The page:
Amongst the thousands of items to make rulings on will be your criteria for interfering with what is going on in other islands. Do you keep your nose out at all times and let them get on with it or do you try to bring order to what you see as a chaotic situation? You would certainly want a chat with them if they were storing flammable material too close by or polluting the water upstream. It can often depend upon how much it is interfering with your comfort zone. If you become aware that they are beating each other up or witness killing aplenty, it becomes more of a dilemma with no definitive answer. Do you have the means to break up the fighting, will it make it worse and do you understand what the fighting is really over? There is something to be said for steering well clear until you are absolutely sure on all three counts. If there are ten people fighting and you send in fifty to break it up, chances are they will quickly capitulate, and no harm is done to your peacekeepers.
It can seem silly to think of things on the scale of a small island as there will be no hospitals, no government to check the standards and quality of produce on offer. There will be far less opportunity to retire and relax in the twilight years and the power of diversification, people specialising in complex fields is all but forgotten. A decent government can mediate and ensure a reasonable level playing field is kept and provide more real freedoms than a place where things are a mess. It becomes harsh if your personal safety is forever in jeopardy and only the fittest toughest make it through each day.
The simplistic tale of setting up and running a small island could run to thousands of pages and still not cover even a good percentage of all the basic things to consider let alone the finer details. Yet whilst this writing itself is very simplistic, it provides a means to think about what we would do in that kind of situation and then apply it to the problems in bigger societies. When you consider how a policy would be constructed with a tiny number of people, it can be transposed in its entirety to a huge country with a new form of unsophistication.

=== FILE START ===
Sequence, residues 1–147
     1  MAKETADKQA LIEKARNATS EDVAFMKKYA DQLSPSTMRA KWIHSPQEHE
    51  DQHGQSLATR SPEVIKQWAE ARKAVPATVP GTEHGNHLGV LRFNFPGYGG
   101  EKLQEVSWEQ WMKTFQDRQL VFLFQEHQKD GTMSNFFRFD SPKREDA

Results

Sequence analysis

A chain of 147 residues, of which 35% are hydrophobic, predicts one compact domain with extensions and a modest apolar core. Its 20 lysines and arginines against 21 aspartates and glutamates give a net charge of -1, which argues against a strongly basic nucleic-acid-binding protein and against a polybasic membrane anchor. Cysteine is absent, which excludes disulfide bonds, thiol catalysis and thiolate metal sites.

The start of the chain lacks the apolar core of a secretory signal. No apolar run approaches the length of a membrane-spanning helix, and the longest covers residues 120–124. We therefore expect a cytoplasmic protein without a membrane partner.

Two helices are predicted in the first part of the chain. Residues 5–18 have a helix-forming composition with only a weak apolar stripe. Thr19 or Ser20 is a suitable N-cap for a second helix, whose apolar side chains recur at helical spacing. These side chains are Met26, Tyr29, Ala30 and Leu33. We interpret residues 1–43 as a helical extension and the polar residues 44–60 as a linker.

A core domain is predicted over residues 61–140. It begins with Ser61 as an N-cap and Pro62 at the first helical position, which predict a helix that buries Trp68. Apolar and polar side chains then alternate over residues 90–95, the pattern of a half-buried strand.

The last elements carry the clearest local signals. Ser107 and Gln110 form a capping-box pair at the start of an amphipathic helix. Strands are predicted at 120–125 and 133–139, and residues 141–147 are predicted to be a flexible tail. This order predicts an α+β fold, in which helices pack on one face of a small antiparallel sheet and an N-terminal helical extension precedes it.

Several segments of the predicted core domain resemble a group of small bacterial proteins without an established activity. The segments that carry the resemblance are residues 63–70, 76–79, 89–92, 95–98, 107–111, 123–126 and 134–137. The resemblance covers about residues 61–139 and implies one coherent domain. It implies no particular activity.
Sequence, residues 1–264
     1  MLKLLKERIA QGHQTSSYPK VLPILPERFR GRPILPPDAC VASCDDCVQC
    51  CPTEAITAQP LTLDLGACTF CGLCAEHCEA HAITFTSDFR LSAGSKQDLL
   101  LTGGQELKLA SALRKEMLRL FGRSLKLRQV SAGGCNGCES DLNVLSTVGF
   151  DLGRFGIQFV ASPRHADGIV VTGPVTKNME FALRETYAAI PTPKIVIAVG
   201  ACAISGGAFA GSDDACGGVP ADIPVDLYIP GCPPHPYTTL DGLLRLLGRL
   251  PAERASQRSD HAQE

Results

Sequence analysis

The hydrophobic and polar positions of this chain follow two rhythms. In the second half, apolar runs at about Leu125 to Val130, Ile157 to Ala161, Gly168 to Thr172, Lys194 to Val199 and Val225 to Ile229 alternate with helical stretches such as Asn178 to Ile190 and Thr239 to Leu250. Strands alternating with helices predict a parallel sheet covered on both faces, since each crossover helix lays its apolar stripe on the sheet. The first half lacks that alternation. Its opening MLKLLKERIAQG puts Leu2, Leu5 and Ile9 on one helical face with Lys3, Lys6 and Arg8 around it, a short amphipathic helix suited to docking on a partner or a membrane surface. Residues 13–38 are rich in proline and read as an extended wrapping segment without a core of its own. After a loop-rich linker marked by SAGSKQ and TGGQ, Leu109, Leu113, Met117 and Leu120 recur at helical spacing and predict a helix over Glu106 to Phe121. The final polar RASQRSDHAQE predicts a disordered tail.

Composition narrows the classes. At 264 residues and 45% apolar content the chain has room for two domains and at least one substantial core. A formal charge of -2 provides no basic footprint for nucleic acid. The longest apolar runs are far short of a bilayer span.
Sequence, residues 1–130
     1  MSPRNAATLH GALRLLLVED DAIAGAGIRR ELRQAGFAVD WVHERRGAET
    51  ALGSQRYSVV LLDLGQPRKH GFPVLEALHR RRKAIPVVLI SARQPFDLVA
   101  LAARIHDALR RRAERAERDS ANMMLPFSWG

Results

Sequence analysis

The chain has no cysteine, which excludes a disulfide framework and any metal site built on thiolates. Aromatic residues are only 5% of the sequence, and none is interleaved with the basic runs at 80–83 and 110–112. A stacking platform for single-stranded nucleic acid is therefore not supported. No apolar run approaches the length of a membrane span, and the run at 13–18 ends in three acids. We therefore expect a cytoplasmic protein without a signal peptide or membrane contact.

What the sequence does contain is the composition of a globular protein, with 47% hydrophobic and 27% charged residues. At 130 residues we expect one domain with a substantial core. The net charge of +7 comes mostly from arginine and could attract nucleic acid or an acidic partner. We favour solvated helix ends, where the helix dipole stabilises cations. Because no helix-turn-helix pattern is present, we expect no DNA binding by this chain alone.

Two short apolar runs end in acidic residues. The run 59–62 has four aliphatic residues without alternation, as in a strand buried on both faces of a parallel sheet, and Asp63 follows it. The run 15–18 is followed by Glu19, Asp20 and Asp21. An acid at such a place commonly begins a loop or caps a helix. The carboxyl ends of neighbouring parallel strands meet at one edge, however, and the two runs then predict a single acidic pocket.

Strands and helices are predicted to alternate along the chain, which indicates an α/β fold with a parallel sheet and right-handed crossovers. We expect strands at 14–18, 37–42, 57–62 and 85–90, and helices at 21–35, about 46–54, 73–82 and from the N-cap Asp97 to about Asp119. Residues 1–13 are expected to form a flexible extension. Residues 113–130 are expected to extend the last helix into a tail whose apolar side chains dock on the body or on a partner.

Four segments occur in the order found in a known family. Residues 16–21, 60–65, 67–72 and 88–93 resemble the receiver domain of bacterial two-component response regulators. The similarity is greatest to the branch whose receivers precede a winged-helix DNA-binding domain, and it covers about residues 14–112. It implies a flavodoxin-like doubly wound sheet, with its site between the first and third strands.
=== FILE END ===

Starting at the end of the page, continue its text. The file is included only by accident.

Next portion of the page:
The one thing you can be sure about is how lines can get blurred. There is never any finality in an argument. Ideas wax and wane and new problems emerge that can’t be envisaged at an earlier time. The thought processes these people had on setting up this island may be agreeable or repulsive but give a hint of the quandaries we face. Either way there is one heck of a muddle and confusion with one doctrine overriding another. We will always be stuck with some difficult compromises and there will be times where better weather outshines frustration with the political framework in deciding what island to remain on. The debates rage on with different intensities bringing up new and old problems into the mix and so be it. The mistake is to think that we are more than just insects building a nest and adjusting to the ecosystem.